Home' Trinidad and Tobago Guardian : November 20th 2015 Contents A54
Guardian www.guardian.co.tt Friday, November 20, 2015
WELLINGTON---The worshippers gathered at the
Lotofale ia Mangere Tongan Church in the South
Auckland suburb where Jonah Lomu was raised
grieved for the man who put their community on
the international map as he strode or barged his
way to becoming the first genuinely global super
star of rugby.
New Zealand will consider a state funeral for the
legendary All Blacks winger whose death from a
cardiac arrest Wednesday, aged 40, was mourned
from world capitals to his family village on the Pacific
island of Tonga and across the country in which he
grew up and represented with distinction.
Lomu came from humble beginnings---the son of
Tongan immigrants who worked several jobs to allow
him to attend Wesley College boarding school where
he first played rugby in New Zealand's biggest city.
Assistant parish secretary Soana Muimuiheata said
Lomu "made the world take notice" of Pacific island
"He kind of opened up the door for the Pacific
Islanders," she said. "So he did a lot, not just for
Tongans but as well for the Pacfic and New Zealan"
Members of Lomu's family on Tonga reportedly
were traveling from outer islands to the village of
Holopeka for a traditional 10-day period of mourning.
Many villagers have already donned ta'ovala or cer-
emonial mourning clothes.
The governor of the Ha'apai island group, Mo'ale
Finau, said villagers were deeply saddened "because
it's the loss of a superstar, especially because Jonah
has grown up here.
"This is sad, not only for Ha'apai but for all the
people of Tonga as well. The whole village will be
mourning. Some of the people are wearing black
Finau said he believed Lomu, who lived in Tonga
until age five, would be buried in New Zealand.
Lomu died at his Auckland home the day after
returning from Europe, where he attended the Rugby
World Cup and was well enough to participate in
a Haka in downtown London in September to help
promote the tournament.
Lomu was the undisputed star of the 1995 and
'99 Rugby World Cups, despite never winning the
title. The way he combined his size, strength and
speed, though, changed the way players, fans and
coaches perceived the game.
In New Zealand, Australia, Britain, France and
South Africa and other parts of the rugby world
where he remained one of the sport's most famous
names a decade after kidney illness forced his retire-
ment from the game, Lomu was remembered not
just for his prowess but his kindness and humili-
ty.Sean Fitzpatrick, who was the All Blacks captain
at the 95 World Cup when Lomu surged to inter-
national fame as a 20-year-old winger, remembered
first seeing him play. He combined the size of a
front-row forward---1.96 meters tall (6-foot-4); 119
kilograms (262 pounds)---with the speed of a sprint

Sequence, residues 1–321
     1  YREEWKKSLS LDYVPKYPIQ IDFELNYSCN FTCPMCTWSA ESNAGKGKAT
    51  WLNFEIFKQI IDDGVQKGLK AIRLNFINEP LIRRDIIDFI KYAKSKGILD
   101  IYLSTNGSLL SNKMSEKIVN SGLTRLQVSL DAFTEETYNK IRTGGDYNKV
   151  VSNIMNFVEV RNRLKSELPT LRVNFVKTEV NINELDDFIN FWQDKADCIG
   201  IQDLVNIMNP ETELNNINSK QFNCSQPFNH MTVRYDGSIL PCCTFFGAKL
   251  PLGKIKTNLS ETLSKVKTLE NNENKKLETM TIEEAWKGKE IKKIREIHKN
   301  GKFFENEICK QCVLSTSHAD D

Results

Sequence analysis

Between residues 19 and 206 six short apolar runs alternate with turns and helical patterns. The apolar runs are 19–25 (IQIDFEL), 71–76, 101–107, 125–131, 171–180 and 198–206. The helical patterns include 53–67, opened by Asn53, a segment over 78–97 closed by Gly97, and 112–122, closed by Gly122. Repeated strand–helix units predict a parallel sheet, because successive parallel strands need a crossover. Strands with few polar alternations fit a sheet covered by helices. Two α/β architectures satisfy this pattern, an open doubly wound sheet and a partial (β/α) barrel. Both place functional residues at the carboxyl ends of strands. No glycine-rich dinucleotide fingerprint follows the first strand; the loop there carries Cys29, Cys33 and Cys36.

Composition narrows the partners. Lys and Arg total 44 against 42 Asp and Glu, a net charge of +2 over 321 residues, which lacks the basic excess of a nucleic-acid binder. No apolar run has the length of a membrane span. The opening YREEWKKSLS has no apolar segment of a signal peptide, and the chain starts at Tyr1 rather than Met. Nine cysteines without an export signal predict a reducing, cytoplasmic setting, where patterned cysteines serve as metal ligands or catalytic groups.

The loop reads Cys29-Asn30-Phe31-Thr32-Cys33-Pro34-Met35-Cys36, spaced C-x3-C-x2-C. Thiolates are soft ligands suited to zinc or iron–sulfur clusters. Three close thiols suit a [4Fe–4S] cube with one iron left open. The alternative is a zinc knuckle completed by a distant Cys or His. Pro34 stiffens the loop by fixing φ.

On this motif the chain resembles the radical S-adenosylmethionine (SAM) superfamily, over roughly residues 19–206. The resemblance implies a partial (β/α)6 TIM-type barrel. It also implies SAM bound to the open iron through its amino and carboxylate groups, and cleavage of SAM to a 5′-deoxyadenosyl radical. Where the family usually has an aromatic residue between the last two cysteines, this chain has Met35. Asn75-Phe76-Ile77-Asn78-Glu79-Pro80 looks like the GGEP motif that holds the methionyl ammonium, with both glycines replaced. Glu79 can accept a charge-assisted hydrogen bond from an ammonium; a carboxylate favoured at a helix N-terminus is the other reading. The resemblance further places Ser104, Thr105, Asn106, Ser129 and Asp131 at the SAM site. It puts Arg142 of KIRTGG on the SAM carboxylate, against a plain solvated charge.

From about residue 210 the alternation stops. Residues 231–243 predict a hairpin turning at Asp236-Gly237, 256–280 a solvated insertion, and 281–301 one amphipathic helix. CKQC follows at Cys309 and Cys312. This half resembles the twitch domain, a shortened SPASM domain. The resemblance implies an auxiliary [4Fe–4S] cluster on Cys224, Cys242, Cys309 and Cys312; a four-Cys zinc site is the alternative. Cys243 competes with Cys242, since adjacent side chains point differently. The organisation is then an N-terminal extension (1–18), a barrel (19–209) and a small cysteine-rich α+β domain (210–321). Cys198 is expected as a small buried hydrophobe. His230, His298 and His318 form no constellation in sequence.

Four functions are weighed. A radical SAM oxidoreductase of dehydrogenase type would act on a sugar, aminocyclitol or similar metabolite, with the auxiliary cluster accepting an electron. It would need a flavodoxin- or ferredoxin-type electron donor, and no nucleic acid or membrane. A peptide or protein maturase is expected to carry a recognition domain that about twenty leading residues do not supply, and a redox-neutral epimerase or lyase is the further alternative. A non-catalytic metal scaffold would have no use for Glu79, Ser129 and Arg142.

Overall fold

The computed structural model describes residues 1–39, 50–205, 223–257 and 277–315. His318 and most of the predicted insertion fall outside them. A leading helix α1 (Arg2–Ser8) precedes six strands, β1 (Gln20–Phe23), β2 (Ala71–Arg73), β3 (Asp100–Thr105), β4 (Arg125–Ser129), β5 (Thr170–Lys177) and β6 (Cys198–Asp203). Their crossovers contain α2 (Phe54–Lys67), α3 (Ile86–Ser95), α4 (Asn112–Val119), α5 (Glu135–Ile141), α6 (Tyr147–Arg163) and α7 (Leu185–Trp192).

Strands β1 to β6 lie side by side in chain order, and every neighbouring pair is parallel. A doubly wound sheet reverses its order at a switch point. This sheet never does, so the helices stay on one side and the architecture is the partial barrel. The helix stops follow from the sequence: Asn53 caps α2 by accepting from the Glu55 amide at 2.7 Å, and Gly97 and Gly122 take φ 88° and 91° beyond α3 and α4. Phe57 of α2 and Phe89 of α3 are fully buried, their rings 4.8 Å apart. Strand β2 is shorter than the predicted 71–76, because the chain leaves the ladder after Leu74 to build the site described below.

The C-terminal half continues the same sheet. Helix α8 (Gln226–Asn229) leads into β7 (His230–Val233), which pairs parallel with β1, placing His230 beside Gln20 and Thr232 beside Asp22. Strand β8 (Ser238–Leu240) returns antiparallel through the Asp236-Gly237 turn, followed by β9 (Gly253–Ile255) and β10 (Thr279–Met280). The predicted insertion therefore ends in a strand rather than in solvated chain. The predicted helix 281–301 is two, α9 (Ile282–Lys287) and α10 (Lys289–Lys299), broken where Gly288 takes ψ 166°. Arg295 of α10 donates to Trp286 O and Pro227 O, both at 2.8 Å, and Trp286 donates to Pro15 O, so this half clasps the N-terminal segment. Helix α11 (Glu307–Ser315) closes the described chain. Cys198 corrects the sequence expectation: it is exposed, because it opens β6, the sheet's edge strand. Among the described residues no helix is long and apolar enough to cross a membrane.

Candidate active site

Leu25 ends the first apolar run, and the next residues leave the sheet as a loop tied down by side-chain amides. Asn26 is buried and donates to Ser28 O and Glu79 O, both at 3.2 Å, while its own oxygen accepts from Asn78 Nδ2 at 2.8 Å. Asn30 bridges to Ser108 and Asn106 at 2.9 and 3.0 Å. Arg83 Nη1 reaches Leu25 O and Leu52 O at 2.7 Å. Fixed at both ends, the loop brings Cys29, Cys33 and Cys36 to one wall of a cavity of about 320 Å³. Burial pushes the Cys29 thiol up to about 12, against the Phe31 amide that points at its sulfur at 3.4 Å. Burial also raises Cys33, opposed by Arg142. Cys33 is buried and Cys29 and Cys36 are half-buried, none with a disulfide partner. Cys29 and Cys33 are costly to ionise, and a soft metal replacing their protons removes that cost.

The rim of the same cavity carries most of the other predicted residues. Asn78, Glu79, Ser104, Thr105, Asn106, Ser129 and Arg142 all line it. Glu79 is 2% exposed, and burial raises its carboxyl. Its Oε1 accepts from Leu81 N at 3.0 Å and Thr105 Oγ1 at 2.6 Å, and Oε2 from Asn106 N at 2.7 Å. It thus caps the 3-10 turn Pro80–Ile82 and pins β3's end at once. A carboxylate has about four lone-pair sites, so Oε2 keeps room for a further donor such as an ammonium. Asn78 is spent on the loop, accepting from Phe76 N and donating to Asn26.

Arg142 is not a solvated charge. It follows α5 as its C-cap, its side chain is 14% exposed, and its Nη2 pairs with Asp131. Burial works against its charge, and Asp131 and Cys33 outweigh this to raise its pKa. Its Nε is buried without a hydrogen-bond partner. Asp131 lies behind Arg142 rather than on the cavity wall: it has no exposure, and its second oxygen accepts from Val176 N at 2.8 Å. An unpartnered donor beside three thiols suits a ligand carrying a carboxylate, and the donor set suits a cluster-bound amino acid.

Fitzpatrick said no rugby player could match
Lomu's international stardom.
Lomu's fame exploded when he scored four tries
for the All Blacks against England at the 95 World
Cup in South Africa. The first of those tries was the
most famous of his career---he scored 43 tries in 63
tests---when he trampled over England fullback Mike
Catt on the way to the tryline.
That incident left Lomu and Catt's careers inex-
Catt said Lomu "put me on the map. Everybody
knew who Mike Catt was. For all the wrong reasons,
WELLINGTON---All Blacks captain Richie
McCaw made it official: He s retiring from all
rugby after a record 148 Test matches across
a 15-year international career capped with
back-to-back World Cup titles.
McCaw used a news conference broadcast
live in New Zealand yesterday to confirm his
retirement, but the anticipated decision was
partly overshadowed by the sudden death a day
earlier of legendary All Blacks winger Jonah
A resilient backrower, McCaw became inter-
national rugby's most-capped player this year
when he surpassed the mark of 141 test appear-
ances held by retired Ireland captain Brian
He led New Zealand to victory at the 2011
World Cup in New Zealand, and again in Britain
last month when the All Blacks became the first
team to successfully defend the title.
McCaw was also the first captain to lead his
country in 100 Tests. New Zealand won 89 per
cent of the tests in which he played and more
than 90 per cent of those he played as captain.
Now 34, McCaw had indicated he would likely
retire after the World Cup final last month,
when New Zealand beat Australia, but in the
euphoria of that moment---when the All Blacks
also became the first team to win the Cup three
times---McCaw was reluctant to make the final
"Deep down I suppose I didn't want to shut
the door totally," McCaw said. "I didn't want
to make it final because I was worried that the
emotion might get to me in a World Cup year."
All Blacks captain
Rugby mourns death
of superstar Lomu
Lomu's performances in 95 hurried
rugby toward professionalism. Broad-
casters, recognising his popularity and
impact on the game, rushed to secure
broadcasting rights, pouring hundreds
of millions of dollars into the sport to
make players payments possible.
In this June 18, 1995 file photo, New Zealand All Blacks winger Jonah Lomu runs
around England's Will Carling on his way to score the opening try in the Rugby
World Cup semifinal at Newlands in Cape Town, South Africa. Lomu, whose power
and pace revolutionised rugby and whose humility and grace won millions of fans,
died early Wednesday, New Zealand Rugby said. He was 40. AP PHOTO
Links Archive November 19th 2015 November 21st 2015 Navigation Previous Page Next Page